Here’s another quiz question I’d have got wrong.
Siouxsie and The Banshees released 30 singles between 1978 and 1995 – how many of then went Top 40?
The answer is 18……my guess would have been much higher than that, I’d likely have gone for 25 as I can’t recall too many flops.
Turns out that a number of the songs I had always assumed had been chart hits were nothing of the sort – Metal Postcard (Mittageisen), Israel, Slowdive and Melt! all stalled in the 40s as too did their admittedly limp version of The Passenger.
Possibly even more surprising is that just five of their singles have cracked the Top 20, of which two were cover versions, including what proved to be their biggest selling 45 back in 1983:-
mp3 : Siouxsie & The Banshees – Dear Prudence
This got to #3 and it was all over the music press that it was a cover of a song by The Beatles that had originally appeared on The White Album. I was glad to have been furnished with such info as, back in 83, I hadn’t heard the original. And here’s the thing…….36 years on, I still haven’t! This isn’t the time nor place to go into great detail as to why I have no great affection for the works of Harrison, Lennon, McCartney and Starr – the songs I do know of theirs tend to be the ones that got heavy rotation on the radio as I was growing up (i.e. the hit singles) and Dear Prudence, which wiki tells me was written for Prudence Farrow, the sister of the actress Mia Farrow, was an album track only.
The hit came when the Banshees were going through a difficult but extremely productive period. John McGeoch, whose guitar work was so important to their sound, had succumbed to the rigours of touring, and combined with the first signs of what would become full-blown alcoholism in later years, had suffered a nervous breakdown on stage in Madrid in late 82 which led to him being fired and Robert Smith being asked in as his replacement. He accepted but only on the basis that he could continue to perform with The Cure.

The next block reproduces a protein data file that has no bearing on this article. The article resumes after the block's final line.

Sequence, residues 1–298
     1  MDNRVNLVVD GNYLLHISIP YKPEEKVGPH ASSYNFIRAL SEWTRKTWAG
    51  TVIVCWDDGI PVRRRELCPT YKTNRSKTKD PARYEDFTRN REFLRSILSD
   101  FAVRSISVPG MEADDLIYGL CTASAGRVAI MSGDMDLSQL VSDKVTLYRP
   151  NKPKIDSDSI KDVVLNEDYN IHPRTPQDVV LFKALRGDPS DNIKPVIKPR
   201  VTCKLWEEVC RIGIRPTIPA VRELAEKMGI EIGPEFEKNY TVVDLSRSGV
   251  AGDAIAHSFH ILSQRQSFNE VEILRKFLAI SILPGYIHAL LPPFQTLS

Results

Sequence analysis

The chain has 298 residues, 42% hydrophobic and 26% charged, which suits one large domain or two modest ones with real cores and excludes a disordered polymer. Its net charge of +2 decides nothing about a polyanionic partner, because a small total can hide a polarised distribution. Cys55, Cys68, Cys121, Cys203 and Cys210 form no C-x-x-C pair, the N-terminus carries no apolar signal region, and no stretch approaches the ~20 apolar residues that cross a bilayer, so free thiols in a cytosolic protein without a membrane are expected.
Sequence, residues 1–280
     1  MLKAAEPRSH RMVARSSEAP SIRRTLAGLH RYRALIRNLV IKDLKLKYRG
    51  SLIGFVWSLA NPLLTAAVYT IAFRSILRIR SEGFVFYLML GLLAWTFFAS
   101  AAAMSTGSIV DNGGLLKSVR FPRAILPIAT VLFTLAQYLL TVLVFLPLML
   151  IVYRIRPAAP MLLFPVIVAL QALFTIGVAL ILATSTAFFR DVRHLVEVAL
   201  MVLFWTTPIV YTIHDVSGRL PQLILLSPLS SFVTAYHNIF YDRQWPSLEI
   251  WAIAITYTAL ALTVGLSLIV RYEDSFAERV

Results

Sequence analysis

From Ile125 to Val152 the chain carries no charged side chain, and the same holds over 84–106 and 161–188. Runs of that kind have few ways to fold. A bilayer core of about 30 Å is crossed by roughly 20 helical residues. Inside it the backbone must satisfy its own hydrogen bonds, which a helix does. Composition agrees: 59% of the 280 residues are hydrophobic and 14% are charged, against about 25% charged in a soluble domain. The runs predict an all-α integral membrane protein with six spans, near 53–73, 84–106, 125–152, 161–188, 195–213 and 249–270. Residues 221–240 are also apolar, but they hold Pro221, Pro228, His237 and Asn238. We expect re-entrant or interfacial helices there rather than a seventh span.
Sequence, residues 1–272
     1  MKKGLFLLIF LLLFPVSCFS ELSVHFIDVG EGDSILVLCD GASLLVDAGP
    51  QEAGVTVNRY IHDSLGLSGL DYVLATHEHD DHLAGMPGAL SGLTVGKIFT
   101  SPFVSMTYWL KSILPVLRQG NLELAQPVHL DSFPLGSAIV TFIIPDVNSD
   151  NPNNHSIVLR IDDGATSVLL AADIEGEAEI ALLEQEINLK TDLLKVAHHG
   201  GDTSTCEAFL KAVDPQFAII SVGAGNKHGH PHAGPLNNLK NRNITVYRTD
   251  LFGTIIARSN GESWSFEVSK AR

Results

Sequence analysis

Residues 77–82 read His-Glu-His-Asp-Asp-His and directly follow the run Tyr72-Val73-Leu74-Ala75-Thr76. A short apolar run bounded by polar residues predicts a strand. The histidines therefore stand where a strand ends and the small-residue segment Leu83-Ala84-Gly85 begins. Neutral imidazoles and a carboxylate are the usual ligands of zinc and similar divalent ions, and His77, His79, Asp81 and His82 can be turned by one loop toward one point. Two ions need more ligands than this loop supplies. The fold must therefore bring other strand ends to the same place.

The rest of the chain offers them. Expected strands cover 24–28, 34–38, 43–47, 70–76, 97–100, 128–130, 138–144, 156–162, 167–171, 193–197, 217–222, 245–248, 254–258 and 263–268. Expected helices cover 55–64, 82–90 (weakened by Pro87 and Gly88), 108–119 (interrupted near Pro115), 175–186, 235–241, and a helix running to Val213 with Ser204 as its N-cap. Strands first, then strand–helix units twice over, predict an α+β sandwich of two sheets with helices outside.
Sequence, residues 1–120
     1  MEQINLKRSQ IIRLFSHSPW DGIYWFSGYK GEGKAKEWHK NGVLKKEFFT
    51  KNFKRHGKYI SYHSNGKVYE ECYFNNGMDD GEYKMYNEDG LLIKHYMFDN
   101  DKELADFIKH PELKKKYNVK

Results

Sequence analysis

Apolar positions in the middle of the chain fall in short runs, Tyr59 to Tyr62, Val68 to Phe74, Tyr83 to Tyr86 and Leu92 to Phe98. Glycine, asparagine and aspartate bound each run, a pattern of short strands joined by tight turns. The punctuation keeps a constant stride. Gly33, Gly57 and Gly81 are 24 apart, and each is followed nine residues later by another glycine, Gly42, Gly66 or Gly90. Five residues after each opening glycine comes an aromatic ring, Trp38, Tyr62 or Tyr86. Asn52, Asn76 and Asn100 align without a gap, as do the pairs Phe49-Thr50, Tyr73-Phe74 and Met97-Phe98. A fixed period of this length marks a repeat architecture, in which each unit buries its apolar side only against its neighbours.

1983 was some year to try to keep up with everything that was happening.
Siouxsie and Budgie resurrected The Creatures two years after the hit debut EP and found themselves enjoying a Top 20 debut album in Feast.
Steve Severin and Robert Smith were the principal members of The Glove but their two singles and album from that year were relative flops.
The Cure enjoyed the fruits from the singles compilation Japanese Whispers with The Walk giving them their first Top 20 hit and its follow-up The Love Cats doing even better by reaching #7
The Banshees spent much of the year recording Hyaena, although it wouldn’t be released until May 1984; they kept their own profile up amidst all this activity with the release of Dear Prudence as a stand-alone 45 in September and Nocturne, a live album from two shows at the Royal Albert Hall in London performed on successive nights on 30 September and 1 October.
It’s no real surprise that Robert Smith, on the point of complete exhaustion, left the Banshees just before Hyaena was released and the extensive promotional work that was associated with it.
Looking back, there’s a case to be made for an ICA from that year, comprising the side projects, the live album and the one-off single. It would, by its nature, be a patchwork affair, but there would be more than enough to keep most satisfied. Instead, I’ll stick to just offering the two tracks from the 12” single:-
mp3 : Siouxsie & The Banshees – Tattoo
mp3 : Siouxsie & The Banshees – There’s A Planet In My Kitchen
The former is a paean to inky designs on the skin and is something of a grower…..the latter has a wonderful title – the ‘tune’ doesn’t quite match its majesty and it could well be the most out-there thing the band ever did!
All tracks were produced by Mike Hedges, who himself would have a busy year working with The Beat, The Undertones, Southern Death Cult as well as The Creatures and the Banshees, all the while basking in the glorious work he’d done the previous year on Sulk by Associates, an album which has a big influence on the three songs on Dear Prudence